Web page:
As a regular theatre-goer, I might be forgiven for feeling a little unease when attending a recent production of Richard 3 by the Bell Shakespeare Company.
Several US examples of openly political dissent in the theatre, most notably by cast members at a performance of Hamilton ,and lately, a protest by audience members at a performance of Julius Caesar by the Public theatre in New York, give the lie to those who might claim such an art form has little to say to an audience in the 21st century.
In Hamilton’s case, Actor Brandon Victor Dixon appeared on stage and addressed (then) vice-president elect, Mike Pence. President Trump’s response was swift, asserting that the theatre was a “safe place”. I might well ask, as a few have, when is theatre ever safe?
The iconoclastic Public Theatre (birthplace of Hair and of Hamilton) has been accused by certain sections of the media (Fox News for one) who implied that the particular production of Julius Caesar inspired violence.
Reaction to the production and subsequent publicity also prompted a swift riposte from Donald Trump Junior who wondered out loud about how much of this “art” is funded by taxpayers. In turn, the National Endowment for the Arts responded, noting that no taxpayer dollars support Shakespeare Sponsorship for this production of Julius Caesar was withdrawn by two corporate backers.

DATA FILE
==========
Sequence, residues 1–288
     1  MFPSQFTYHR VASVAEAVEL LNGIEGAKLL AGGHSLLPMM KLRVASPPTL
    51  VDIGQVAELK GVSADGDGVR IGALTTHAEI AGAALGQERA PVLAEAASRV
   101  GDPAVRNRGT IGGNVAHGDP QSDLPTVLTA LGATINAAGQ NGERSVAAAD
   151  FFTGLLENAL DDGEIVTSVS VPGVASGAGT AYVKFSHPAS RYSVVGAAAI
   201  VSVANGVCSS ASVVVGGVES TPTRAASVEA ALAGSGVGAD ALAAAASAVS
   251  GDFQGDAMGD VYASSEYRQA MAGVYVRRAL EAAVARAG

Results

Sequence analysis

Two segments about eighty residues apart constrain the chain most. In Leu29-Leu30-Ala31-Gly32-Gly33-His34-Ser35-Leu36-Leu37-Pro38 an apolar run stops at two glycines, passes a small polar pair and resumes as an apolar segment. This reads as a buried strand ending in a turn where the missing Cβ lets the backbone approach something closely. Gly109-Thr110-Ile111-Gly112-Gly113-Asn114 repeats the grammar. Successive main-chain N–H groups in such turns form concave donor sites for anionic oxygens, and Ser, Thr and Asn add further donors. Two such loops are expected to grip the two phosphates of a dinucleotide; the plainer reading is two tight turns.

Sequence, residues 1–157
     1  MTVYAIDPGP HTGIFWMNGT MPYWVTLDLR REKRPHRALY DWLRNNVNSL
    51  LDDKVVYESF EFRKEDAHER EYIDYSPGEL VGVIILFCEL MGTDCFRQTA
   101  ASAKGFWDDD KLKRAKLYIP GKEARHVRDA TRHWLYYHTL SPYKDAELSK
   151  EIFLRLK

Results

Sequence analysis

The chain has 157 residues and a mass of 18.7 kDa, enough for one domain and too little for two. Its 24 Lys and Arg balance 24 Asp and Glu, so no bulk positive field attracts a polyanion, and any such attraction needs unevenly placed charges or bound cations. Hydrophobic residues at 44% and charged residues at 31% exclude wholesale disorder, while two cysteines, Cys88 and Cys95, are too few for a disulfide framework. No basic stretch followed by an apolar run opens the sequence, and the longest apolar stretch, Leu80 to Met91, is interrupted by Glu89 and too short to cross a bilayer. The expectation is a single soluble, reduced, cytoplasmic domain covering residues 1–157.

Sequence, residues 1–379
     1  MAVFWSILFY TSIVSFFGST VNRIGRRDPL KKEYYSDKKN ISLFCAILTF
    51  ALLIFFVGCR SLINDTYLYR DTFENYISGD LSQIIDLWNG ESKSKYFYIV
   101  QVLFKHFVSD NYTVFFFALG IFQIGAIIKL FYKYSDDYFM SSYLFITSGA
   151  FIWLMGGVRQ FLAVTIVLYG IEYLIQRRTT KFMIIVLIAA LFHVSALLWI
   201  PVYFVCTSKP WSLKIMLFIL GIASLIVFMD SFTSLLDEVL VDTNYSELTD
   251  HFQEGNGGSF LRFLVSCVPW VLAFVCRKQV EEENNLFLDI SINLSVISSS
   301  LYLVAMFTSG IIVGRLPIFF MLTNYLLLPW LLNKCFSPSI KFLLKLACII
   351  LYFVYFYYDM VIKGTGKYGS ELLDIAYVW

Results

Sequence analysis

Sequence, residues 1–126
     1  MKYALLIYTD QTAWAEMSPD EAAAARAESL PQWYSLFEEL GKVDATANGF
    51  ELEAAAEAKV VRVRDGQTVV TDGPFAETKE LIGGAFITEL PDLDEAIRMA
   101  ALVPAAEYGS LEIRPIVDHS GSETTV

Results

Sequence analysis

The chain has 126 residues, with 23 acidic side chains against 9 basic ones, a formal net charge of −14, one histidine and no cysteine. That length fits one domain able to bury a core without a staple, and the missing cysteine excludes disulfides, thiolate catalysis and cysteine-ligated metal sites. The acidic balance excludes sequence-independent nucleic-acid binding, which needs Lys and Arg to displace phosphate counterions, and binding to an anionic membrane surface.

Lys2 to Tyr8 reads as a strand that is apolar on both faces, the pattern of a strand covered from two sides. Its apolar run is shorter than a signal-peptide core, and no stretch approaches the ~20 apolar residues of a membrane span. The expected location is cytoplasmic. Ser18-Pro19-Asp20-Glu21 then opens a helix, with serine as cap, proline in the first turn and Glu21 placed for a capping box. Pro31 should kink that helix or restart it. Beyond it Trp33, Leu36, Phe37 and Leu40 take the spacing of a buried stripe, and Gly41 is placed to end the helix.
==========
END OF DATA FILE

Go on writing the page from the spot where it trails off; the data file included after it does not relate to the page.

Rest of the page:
If a theatrical production such as this can be accused of anything, it is that it cannot please everybody. In Julius Caesar, we see that those who attempt to save democracy by undemocratic means pay the ultimate price. This alone makes the message worth hearing , even after four hundred years.
Such an incandescent reaction to a piece like this calls into question any understanding of the play and its creator’s vision. After all, theatre companies throughout the world have always taken certain liberties with Shakespeare’s works in an endeavour to contemporize them for a contemporary audience.
It ought to be noted that the ancient Greek playwrights used comedy and drama to identify corrupt politicians. In more recent times, legislators in Georgia attempted to ban the production of South Pacific without success, seeing its focus on racism as a threat.
In short, a playwright such as Shakespeare never sought to make theatre an educational tool: He simply wanted to write plays that an audience could relate to. Shakespeare captured all human emotions and experiences: tragedy, vengeance, loyalty and love. He was able not just to entertain, but to challenging audiences about their own world.
One might think theatrical point-scoring on the stage is not prescient: in 1937, Orson Welles staged a production of Julius Caesar where costuming was designed to make the audience think of Fascist Italy and Nazi Germany.